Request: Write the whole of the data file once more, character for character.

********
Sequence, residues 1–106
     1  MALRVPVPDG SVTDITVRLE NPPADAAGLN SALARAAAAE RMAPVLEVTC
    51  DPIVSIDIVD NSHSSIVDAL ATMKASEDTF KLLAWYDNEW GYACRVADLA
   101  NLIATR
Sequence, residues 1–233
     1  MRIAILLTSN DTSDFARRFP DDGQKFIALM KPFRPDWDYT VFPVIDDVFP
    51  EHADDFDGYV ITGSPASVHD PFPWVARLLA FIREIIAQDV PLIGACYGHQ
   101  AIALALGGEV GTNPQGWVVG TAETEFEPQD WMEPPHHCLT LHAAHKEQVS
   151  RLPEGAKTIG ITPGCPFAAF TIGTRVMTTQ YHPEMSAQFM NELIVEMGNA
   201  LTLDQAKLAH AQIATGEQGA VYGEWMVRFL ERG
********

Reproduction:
Sequence, residues 1–106
     1  MALRVPVPDG SVTDITVRLE NPPADAAGLN SALARAAAAE RMAPVLEVTC
    51  DPIVSIDIVD NSHSSIVDAL ATMKASEDTF KLLAWYDNEW GYACRVADLA
   101  NLIATR
Sequence, residues 1–233
     1  MRIAILLTSN DTSDFARRFP DDGQKFIALM KPFRPDWDYT VFPVIDDVFP
    51  EHADDFDGYV ITGSPASVHD PFPWVARLLA FIREIIAQDV PLIGACYGHQ
   101  AIALALGGEV GTNPQGWVVG TAETEFEPQD WMEPPHHCLT LHAAHKEQVS
   151  RLPEGAKTIG ITPGCPFAAF TIGTRVMTTQ YHPEMSAQFM NELIVEMGNA
   201  LTLDQAKLAH AQIATGEQGA VYGEWMVRFL ERG